Let's say I have the following directory structure:


If I wanted to import bar.py from within foo.py, how would I do that?


5 Answers 5


If all occurring directories are Python packages, i.e. they all contain __init__.py, then you can use

from ..bar_dir import bar

If the directories aren't Python packages, you can do this by messing around with sys.path, but you shouldn't.

  • 5
    this will not work if you want to import in a non package and you just run a python from a sibling. In this case sys.path.append is the way to go
    – mhstnsc
    Nov 1, 2017 at 13:42
  • 1
    @mhstnsc I'd say in this case you have done something wrong, but if it's just some hacky script it might be OK to mess around with sys.path. Nov 1, 2017 at 20:37
  • 3
    Its not wrong but when running the main module you cannot do relative imports. python.org/dev/peps/pep-0366
    – mhstnsc
    Nov 2, 2017 at 8:16
  • 52
    When I run ipython foo.py on this, I get ImportError: attempted relative import with no known parent package. I've added an __init__.py file to the parent directory and the bar_dir directory
    – wlad
    Jul 6, 2018 at 15:16
  • 3
    This does work in Python 3.8, but requires that the parent package is accessible to Python, and that the module is imported as part of that package. I should probably expand this answer a little, but don't have time to do so. Jan 18, 2021 at 10:03

You can use the sys and os modules for generalized imports. In foo.py start with the lines

import sys
import os
import bar
  • 11
    Note that this will use the sibling directory of the cwd, not the sibling directory of where foo.py is. To use the script's directory, use sys.path.append(os.path.normpath(os.path.join(os.path.dirname(os.path.abspath(__file__)), '..', 'bar')))
    – cowlinator
    Apr 7, 2021 at 0:27
  • 1
    The only thing that worked on this entire page.
    – C.J.
    Apr 21, 2021 at 18:01

Let's say if you have following structure:

  |_ productconst.py
  |_ products
     |_ __init__.py

And if you would like to import productconst in products.__init__, then following can be used :

from ..productconst import * 

If you're having issues in python 3+, the following worked for me using sys.path.append("..").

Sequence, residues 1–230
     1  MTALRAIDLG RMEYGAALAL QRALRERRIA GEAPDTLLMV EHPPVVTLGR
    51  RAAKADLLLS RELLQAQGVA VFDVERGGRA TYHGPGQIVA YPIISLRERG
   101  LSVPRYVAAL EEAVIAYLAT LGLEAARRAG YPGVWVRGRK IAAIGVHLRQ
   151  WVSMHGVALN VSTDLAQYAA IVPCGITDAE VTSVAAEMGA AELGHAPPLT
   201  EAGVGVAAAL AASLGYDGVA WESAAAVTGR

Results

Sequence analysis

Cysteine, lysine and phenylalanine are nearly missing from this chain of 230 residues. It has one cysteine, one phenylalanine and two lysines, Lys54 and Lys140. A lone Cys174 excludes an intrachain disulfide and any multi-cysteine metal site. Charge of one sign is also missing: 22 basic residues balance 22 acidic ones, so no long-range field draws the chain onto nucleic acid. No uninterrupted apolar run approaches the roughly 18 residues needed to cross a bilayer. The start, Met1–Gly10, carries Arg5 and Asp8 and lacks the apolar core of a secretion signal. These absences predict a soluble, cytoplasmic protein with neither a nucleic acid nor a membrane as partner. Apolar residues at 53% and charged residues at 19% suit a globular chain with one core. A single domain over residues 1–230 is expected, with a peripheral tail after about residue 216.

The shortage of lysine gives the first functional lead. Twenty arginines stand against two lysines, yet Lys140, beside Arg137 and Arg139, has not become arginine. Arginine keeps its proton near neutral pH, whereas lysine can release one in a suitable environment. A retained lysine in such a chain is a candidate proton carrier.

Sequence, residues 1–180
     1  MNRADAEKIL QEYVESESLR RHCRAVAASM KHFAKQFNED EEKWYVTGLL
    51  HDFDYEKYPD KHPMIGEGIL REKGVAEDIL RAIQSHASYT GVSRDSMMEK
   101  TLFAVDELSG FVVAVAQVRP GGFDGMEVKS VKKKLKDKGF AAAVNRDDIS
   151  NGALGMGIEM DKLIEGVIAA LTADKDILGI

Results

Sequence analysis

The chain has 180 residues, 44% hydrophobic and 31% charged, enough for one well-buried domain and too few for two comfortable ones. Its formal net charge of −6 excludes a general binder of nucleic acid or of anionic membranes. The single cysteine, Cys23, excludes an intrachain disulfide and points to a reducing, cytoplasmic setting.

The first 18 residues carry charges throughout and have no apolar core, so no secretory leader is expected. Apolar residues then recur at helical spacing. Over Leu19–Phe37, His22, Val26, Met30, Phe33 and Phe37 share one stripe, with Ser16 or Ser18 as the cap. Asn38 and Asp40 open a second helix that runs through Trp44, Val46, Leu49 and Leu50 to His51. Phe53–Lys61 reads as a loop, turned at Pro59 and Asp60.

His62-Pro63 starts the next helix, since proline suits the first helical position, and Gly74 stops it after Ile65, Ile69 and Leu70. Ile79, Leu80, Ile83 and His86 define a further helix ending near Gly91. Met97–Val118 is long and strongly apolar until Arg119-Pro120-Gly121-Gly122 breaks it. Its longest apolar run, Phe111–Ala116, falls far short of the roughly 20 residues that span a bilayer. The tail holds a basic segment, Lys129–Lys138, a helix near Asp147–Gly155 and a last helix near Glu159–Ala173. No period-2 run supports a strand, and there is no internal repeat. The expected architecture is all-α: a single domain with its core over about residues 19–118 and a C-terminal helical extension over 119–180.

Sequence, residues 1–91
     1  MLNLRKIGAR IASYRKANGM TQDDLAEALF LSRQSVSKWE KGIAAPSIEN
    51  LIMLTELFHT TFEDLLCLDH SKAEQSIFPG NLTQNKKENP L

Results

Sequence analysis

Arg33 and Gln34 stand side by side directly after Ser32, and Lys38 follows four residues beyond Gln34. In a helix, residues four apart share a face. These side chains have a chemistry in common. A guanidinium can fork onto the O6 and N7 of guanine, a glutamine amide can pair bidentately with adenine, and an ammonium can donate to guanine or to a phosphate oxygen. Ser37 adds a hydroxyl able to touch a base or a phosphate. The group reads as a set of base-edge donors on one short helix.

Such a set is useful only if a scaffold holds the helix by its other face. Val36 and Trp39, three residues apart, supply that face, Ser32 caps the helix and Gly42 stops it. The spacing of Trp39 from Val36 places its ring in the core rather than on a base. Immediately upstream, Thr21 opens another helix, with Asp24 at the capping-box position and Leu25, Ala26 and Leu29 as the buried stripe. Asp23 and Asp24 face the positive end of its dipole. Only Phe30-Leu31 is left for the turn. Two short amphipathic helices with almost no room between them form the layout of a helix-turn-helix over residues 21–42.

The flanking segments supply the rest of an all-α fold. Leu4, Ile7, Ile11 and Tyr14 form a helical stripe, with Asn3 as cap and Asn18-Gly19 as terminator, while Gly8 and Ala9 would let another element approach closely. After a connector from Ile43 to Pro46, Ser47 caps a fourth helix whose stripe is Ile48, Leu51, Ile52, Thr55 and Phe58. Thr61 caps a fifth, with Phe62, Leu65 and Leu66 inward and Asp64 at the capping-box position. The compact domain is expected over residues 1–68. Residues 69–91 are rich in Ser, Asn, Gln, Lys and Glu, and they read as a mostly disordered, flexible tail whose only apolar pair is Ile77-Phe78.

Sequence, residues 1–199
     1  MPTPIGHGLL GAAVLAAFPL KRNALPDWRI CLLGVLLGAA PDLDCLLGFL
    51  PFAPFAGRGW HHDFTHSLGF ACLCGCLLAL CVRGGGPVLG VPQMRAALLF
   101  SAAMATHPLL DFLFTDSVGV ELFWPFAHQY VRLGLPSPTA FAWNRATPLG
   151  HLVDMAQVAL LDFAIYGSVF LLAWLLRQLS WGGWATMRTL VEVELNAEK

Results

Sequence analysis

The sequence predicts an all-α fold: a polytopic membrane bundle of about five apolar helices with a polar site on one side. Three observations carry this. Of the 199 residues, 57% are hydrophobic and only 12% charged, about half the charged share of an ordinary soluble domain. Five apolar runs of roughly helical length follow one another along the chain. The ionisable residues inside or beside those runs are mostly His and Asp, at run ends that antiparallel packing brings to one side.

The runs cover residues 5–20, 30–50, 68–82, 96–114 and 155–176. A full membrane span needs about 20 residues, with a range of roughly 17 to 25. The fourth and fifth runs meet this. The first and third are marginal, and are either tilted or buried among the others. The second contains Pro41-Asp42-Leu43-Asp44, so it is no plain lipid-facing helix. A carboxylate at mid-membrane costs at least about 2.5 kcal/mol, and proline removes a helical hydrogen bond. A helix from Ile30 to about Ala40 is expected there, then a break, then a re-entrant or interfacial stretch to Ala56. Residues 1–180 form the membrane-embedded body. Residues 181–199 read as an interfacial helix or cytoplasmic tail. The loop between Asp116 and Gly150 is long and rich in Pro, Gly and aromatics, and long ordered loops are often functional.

from bar_dir import bar

Most of the proposed answers have relied on altering sys.path. IMHO - this is not neccessary if you can retain the relative folder structure correctly. I was inspired by the response of a similar question:

Please see my worked out example below. I have followed the same folder structure as in your question

Folder structure

enter image description here

After expanding the folder parent_dir

enter image description here


The file bar.py implements a skeletal class Bar

class Bar():
    def __init__(self) -> None:

    def __repr__(self) -> str:
        return "This is an instance of Bar"
    def some_method(self) ->None:


from .bar import Bar


The file foo.py implements a simple class Foo which in turn references the class Bar through a constructor parameter.

from ..bar_dir import Bar

class Foo():
    def __init__(self ,bar_instance: Bar) -> None:        

    def __repr__(self) -> str:
        return f"You are inside an instance of Foo and you have just accessed bar={self._bar}"


from .foo import Foo


This is main runner script which glues together foo_dir and bar_dir packages

import parent_dir.bar_dir as bar_lib
import parent_dir.foo_dir as foo_lib

if __name__ == "__main__":
    print(f"This is an instance of foo={f}")

Output from sfo_main.py

enter image description here

Why use a init.py ?


Documentation on relative imports


Your Answer

By clicking “Post Your Answer”, you agree to our terms of service and acknowledge you have read our privacy policy.

Not the answer you're looking for? Browse other questions tagged or ask your own question.